Back to top

amother




Tan


Post  Wed, Aug 21 2019, 11:47 pm
I wouldn't rush to throw out the old clothes. They may provide a certain sense of security for her. Maybe you can make a rule that she can only wear the old clothes in the house, and if she breaks that rule, you'll warn her you're going to throw it away?
Would an incentive system work for the hygiene issues? Like at night after she takes a shower and uses deoderant and face wash she can have dessert or screentime, a later bedtime.
Back to top

dankbar




 
 
 


Post  Thu, Aug 22 2019, 12:02 am
Seems like she's hard with change.

Also maybe she feels that you dont respect her etc that you think of her as ugly, smelly etc..
Back to top

amother




Coral


Post  Thu, Aug 22 2019, 1:03 am
I was kinda like that as a kid. Turns out most of it, the lack of care about hygiene, clothing details, etc was a combination of lack of self esteem and ADD.

tbh I still struggle remembering to brush my teeth. I wish I cared more about the state of my clothes, I genuinely don't notice or care if clothes are pilling. I'm like, so many more problems to care about lol.

I remember overhearing some friends once talking about how you should wear different material shells for different occasions, different outfits and I was just flabbergasted who cares? I will take my cotton/modal everyday and every simcha.

Back to the point though... Everytime my mother tried to yell or guilt me, it never really helped. She just made me feel bad about myself with the hygiene stuff and it didn't fix the underlying issue. So if there is a reason your daughter might not be good about such things(I'm not going to diagnose anyone over imamother) then the underlying problem has to be dealt with or you'll just further kill her self esteem.

Oh and plenty of teenagers have acne and facewash doesn't help much. I think you have to let her be with that one unless she wants to see a dr.
Back to top

amother




Bronze


Post  Thu, Aug 22 2019, 1:16 am
Before I make my point I want to stress that this is very rare but: Sometimes a lack of wanting to conform to basic hygiene standards and general unwritten societal rules at the ages of 12 13 14 (especially if it costs somebody their ability to maintain appropriate peer relationships) can be an indicator of previous s-xual abuse. The reason why it plays out in this way is because the teen would rather remain a child as otherwise they need to face the reality of growing into adulthood, something that they don't want to do since they associate this with their abuser. I don't want to scare anybody. Like I said before, this is likely NOT the case but it's worth crossing off the list. As is this needs professional intervention because as others have pointed out this behavior can be linked to anxiety, depression or a spectrum disorder. Once your daughter sees a qualified professional then they can usually weed out the source of the issue and work on it from there.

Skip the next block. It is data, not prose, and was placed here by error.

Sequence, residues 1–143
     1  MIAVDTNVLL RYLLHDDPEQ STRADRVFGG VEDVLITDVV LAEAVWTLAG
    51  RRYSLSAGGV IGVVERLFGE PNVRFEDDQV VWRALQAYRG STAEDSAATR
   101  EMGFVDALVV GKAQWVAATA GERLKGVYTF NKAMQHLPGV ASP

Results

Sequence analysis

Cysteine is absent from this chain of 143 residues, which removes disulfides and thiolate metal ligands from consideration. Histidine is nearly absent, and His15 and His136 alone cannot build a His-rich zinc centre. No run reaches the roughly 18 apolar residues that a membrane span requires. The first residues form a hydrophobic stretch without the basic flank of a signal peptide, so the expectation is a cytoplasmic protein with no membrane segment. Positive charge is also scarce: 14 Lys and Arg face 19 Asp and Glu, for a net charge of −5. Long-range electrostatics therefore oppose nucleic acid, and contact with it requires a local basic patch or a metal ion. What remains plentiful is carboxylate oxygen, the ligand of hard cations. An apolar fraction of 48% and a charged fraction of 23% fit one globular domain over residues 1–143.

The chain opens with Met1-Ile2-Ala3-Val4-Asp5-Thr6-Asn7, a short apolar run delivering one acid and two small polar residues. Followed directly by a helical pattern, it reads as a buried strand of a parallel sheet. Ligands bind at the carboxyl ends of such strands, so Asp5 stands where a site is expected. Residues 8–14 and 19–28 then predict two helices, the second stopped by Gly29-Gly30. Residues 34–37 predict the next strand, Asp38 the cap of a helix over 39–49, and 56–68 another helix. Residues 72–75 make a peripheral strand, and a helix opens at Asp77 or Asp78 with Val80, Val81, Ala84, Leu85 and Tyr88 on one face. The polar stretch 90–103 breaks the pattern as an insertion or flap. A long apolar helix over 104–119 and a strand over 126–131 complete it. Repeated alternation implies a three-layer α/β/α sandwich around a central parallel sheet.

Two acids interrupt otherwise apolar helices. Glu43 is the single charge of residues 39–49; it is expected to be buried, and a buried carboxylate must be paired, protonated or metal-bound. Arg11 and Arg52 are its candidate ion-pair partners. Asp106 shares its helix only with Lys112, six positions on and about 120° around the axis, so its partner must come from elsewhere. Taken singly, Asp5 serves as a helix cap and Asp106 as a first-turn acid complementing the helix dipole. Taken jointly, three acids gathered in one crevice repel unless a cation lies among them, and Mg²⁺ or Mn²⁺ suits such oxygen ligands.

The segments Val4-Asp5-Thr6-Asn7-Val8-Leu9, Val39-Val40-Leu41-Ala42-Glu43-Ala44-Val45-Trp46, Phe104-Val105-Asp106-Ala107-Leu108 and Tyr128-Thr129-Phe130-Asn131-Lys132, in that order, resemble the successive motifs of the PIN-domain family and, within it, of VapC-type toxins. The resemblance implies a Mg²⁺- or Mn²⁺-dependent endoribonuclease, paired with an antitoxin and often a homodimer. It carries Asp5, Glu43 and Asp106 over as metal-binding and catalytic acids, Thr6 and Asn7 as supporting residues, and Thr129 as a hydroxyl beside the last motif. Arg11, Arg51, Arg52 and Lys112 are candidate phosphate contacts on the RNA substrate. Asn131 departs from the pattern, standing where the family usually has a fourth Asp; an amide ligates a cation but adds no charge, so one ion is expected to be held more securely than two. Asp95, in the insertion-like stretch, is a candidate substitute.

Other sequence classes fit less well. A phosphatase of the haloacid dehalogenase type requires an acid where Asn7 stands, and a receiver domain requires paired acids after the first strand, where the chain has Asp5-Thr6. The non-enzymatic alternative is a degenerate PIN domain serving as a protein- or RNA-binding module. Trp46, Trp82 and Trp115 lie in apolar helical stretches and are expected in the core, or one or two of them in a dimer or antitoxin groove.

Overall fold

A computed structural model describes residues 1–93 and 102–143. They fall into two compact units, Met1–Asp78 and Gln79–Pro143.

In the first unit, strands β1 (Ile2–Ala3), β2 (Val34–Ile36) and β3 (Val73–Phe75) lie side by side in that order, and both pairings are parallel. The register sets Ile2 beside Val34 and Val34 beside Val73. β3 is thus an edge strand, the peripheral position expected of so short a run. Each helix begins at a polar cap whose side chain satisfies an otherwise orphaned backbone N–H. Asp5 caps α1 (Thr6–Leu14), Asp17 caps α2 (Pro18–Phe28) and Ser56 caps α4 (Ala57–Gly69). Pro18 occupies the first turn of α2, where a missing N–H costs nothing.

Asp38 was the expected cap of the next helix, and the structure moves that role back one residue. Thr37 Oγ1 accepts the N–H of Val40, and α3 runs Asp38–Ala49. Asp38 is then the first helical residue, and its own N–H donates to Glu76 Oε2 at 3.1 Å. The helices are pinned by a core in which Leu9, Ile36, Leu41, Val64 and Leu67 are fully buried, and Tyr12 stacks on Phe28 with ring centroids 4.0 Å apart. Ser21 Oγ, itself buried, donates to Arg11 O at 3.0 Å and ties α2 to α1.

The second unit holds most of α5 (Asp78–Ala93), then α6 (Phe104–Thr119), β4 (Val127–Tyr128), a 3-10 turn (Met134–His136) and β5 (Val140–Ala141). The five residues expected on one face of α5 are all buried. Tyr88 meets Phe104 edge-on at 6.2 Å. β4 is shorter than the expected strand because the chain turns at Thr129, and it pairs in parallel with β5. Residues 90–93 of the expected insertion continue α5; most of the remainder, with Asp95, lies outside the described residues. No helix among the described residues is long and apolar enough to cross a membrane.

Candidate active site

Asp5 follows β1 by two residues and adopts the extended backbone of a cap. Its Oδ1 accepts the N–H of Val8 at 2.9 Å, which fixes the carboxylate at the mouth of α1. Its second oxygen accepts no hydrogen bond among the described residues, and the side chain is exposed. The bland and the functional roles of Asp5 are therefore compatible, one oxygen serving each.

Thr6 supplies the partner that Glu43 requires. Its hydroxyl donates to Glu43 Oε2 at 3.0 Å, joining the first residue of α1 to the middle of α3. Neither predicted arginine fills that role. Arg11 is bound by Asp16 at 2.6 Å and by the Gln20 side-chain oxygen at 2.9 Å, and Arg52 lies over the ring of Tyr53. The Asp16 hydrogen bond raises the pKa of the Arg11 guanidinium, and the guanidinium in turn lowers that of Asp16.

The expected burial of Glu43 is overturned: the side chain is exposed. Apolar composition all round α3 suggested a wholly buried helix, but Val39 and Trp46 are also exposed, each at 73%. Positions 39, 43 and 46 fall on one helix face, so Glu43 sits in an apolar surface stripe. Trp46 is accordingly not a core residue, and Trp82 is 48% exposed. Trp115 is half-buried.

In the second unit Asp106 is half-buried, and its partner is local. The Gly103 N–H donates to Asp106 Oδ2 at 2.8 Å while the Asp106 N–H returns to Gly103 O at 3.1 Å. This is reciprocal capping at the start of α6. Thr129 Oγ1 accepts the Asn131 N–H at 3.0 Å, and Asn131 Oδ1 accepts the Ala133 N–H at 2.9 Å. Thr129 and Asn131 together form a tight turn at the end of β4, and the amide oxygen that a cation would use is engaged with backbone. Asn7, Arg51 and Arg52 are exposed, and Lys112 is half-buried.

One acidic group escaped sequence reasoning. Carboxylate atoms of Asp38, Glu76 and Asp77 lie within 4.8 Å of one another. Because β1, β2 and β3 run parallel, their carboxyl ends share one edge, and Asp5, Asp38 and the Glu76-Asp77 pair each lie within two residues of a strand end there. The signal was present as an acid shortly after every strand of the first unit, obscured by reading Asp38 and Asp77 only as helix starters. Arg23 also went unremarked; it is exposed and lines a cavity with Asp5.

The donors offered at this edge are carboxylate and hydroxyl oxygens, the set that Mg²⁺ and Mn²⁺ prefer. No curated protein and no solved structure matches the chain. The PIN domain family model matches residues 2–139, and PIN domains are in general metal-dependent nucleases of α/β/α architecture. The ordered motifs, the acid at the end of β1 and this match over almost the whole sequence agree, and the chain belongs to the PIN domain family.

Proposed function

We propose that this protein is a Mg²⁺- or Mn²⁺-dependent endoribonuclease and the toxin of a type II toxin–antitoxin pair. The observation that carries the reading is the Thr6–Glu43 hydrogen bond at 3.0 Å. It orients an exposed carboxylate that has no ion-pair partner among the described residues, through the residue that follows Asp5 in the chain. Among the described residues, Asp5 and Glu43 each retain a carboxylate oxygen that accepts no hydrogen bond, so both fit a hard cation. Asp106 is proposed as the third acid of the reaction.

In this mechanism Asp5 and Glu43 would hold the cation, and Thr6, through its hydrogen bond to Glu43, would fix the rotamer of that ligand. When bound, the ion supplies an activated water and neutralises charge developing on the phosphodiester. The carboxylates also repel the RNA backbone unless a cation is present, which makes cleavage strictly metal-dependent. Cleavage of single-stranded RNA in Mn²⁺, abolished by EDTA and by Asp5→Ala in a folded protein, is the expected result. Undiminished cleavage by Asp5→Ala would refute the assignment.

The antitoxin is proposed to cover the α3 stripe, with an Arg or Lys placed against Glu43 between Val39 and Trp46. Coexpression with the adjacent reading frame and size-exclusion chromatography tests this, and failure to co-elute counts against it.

Much hatzlocha in getting to the bottom of this OP!
Back to top

amother




Aquamarine


Post  Thu, Aug 22 2019, 3:32 am
I was a bit like this as a teen too.

What I wish had been done for me:

Buy a large variety of different options of deodorant. Roll-on, natural, spray, stick, different scents. Sit down one day and have a very matter-of-fact discussion (or really probably lecture) but not too serious, crack some jokes, but don't really expect replies.

Say something like, "It's one of the annoying parts of growing up, but kid bodies turn into adult bodies. Along the way we start to smell... not fun but true! The smell seems much worse from our armpits, so all of us teens and adults have to start getting used to wearing deodorant for Ahavas Yisroel... be happy I wear it or you'd hate being around me! There are lots of kinds of deodorants, I got you a bunch to try them out, and if you hate them all I can get some other ones. Some people like spray best, some people like stick, or roll-on [elaborate on some of the pros and cons]. Either way, most of us are stuck wearing them every day! As someone once told me, sniff your underarm: If you can smell it, so can everyone else!"

Sort of a sympathetic attitude, like "we're going to figure out a way to make this work for you." Not a top-down, "you'd better or else" kind of approach.

Also, and important, giving her options and time to get comfortable with one of them. Some people are "NO" right away, but give them time and some nos become yeses.